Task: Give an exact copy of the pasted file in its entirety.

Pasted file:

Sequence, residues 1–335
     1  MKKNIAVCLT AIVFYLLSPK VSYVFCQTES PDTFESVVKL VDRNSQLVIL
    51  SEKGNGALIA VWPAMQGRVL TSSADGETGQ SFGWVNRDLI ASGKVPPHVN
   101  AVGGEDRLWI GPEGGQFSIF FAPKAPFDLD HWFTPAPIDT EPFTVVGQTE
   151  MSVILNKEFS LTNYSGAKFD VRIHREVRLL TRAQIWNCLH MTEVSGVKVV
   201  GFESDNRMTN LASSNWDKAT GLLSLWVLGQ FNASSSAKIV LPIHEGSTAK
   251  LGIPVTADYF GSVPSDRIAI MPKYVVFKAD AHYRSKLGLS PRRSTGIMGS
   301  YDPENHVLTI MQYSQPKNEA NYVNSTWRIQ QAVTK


Sequence, residues 1–335
     1  MKKNIAVCLT AIVFYLLSPK VSYVFCQTES PDTFESVVKL VDRNSQLVIL
    51  SEKGNGALIA VWPAMQGRVL TSSADGETGQ SFGWVNRDLI ASGKVPPHVN
   101  AVGGEDRLWI GPEGGQFSIF FAPKAPFDLD HWFTPAPIDT EPFTVVGQTE
   151  MSVILNKEFS LTNYSGAKFD VRIHREVRLL TRAQIWNCLH MTEVSGVKVV
   201  GFESDNRMTN LASSNWDKAT GLLSLWVLGQ FNASSSAKIV LPIHEGSTAK
   251  LGIPVTADYF GSVPSDRIAI MPKYVVFKAD AHYRSKLGLS PRRSTGIMGS
   301  YDPENHVLTI MQYSQPKNEA NYVNSTWRIQ QAVTK